You are viewing this article in the archives. For the latest breaking news and updates in Ann Arbor and the surrounding area, see
Posted on Sat, Feb 25, 2012 : 5:52 a.m.

Vitosha Guest Haus Inn opening new Pinocchio Theatre with 'Don Giovanni'

By Jenn McKee


The Pinocchio Theatre at Vitosha Guest Haus Inn will offer its first show soon.

Photo provided by Kei Constantinov

Vitosha Guest Haus Inn proprieter Kei J. Constantinov is preparing to debut a new local theater space—called Pinocchio Theatre—this weekend that will seat about 100 and will showcase live comic, dramatic, and puppet productions.

But for Constantinov, the theater is more the realization of her original vision for Vitosha - initially a private, historic house that later served as a Unitarian church before being re-purposed as a 32 person capacity bed and breakfast - than a radical new direction.


”Don Giovanni”

  • Who: Vocal Productions.
  • What: A new, New York-based company for young and up-and-coming singers inaugurates a re-purposed, renovated performance space (called the Pinocchio Theatre) at Vitosha Guest Haus Inn with two performances of Wolfgang Amadeus Mozart’s opera, “Don Giovanni,” featuring the uncut concert version of the original score.
  • Where: Pinocchio Theatre at Vitosha Guest Haus Inn, at 1917 Washtenaw Ave.
  • When: Saturday, Feb. 25 and Sunday, Feb. 26 at 7 p.m.
  • How much: $30, $35, and $40. For advance tickets, call 734-255-9107 or send a message to
“I’ve always thought of (the former sanctuary space) as that,” said Constantinov. “My former husband worked in Sony's classical music and opera division. … And our original impetus for buying the property was to establish a cultural center with lodging.”

However, years passed (Constantinov and her husband purchased Vitosha in 1998 and spent four years renovating it); the couple parted ways; and to support herself, Constantinov instead ventured into the world of hosting weddings, conferences, retreats, and other sorts of events.

“There was a huge pipe organ that was keeping us from doing anything with the space,” said Constantinov. “It was this huge, beautiful instrument, but no one was interested in it. So I finally held my breath and sold it to an organ dealer in New Orleans, and that’s allowed me more liberty with the space. … And this summer, I pushed out the stage, frontally and to the sides, and established a supplemental stage for puppetry, so I’m finally going to do it. I’m throwing caution to the wind; I’ve made the decision to not have other events, but instead to line up great talent and use the space as I originally intended.”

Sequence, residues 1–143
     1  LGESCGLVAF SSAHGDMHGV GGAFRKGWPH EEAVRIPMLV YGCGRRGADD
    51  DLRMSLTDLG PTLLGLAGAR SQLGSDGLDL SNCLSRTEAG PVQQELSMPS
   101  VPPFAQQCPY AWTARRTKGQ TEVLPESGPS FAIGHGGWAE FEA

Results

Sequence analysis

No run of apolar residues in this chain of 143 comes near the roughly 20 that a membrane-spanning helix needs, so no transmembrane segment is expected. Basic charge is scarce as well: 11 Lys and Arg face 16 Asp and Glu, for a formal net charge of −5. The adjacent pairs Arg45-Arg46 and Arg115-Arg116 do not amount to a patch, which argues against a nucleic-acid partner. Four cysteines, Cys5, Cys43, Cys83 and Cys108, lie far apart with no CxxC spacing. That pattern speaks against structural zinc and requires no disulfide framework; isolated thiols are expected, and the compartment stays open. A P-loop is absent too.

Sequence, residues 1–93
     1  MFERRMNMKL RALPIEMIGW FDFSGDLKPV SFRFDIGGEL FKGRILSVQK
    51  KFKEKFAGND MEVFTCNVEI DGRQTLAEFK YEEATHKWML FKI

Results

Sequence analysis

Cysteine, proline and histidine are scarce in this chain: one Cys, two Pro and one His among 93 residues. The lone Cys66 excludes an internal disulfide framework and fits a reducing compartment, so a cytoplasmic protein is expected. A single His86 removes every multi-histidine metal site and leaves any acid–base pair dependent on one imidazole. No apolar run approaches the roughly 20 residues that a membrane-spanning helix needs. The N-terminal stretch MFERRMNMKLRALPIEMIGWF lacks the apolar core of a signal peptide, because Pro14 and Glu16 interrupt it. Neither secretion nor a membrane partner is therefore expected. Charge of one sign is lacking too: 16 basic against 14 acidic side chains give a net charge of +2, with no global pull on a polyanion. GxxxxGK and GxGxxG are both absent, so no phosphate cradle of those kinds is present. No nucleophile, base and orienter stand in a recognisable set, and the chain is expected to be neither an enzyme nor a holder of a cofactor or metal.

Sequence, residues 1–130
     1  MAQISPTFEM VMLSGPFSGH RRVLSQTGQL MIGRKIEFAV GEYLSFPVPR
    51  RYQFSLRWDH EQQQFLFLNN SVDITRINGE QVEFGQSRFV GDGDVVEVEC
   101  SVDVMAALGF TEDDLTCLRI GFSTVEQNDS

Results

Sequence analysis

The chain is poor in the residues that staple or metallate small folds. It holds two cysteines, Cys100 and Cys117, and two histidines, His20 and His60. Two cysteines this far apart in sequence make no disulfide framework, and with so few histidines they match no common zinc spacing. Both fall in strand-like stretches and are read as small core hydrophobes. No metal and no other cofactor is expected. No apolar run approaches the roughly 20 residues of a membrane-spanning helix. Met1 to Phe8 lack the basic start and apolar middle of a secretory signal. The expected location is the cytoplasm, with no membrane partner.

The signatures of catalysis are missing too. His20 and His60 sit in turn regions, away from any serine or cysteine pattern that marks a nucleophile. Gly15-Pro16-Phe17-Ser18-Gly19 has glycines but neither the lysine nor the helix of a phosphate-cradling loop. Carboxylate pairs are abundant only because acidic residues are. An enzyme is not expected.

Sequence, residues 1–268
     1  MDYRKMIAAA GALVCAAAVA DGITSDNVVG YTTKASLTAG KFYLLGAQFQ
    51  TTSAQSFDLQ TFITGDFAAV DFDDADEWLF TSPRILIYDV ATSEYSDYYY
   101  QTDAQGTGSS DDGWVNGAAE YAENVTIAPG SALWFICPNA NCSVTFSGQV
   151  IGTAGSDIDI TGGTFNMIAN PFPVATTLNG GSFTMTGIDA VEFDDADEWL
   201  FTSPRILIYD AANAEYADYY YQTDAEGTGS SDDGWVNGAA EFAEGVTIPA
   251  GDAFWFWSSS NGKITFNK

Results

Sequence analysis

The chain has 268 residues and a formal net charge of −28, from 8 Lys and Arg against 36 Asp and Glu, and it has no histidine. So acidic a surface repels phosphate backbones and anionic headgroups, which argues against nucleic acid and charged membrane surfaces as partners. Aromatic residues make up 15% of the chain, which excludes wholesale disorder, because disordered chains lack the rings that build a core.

The first performances in Pinocchio Theater will be by a new, New York-based performance company called Vocal Productions, which provides opportunities to young and up-and-coming singers. The company will present Wolfgang Amadeus Mozart’s “Don Giovanni,” featuring the uncut, concert version of the original score.


Kei Constantinov, Pinocchio Theatre artistic director

Photo provided by Kei Constantinov

Constantinov programmed the event by way of VP’s founder, Valentin Peytchinov—a Bulgarian performer she got to know by way of her Bulgarian ex-husband. (Vitosha is named for a mountain in Bulgaria.)

“This was all arranged just a couple of months ago,” said Constantinov. “In the course of a ‘Hello, How are you?’ conversation, I mentioned it, and (Peytchinov) got very excited about it. So it happened rapidly, and I’ll be putting up the artists for 3 nights. A more sustainable concept, and what will be our niche in town, is that we want to offer operatic puppetry,” with children’s entertainment occasionally offered on the supplemental stage.

Beyond “Don Giovanni,” Constantinov hopes to feature a former New York actress who now makes her home in Vitosha’s neighborhood; musicians and groups around town; and possibly a burlesque show.

“I’ll be sending out a call to artists very soon, to see what I can line up,” said Constantinov.

But the performers that will be the best fit for the Pinocchio will be those looking for an intimate setting.

“I made the decision to make the theater seat only about 100, for several reasons,” said Constantinov. “For one thing, we’re in a residential neighborhood, and you want to be mindful of that. But it’s also a matter of parking and infrastructure—the number of toilets and things like that. It detracts from the venue to have too big of a crowd in here. I’ve learned that from hosting other kinds of events.”

Jenn McKee is the entertainment digital journalist for Reach her at or 734-623-2546, and follow her on Twitter @jennmckee.



Sun, Feb 26, 2012 : 8:33 p.m.

This is fabulous. I'm so glad this notice was here; I'm off to buy tickets.


Sat, Feb 25, 2012 : 3:56 p.m.

Wonderful! Congratulations on a creative and inspired endeavor.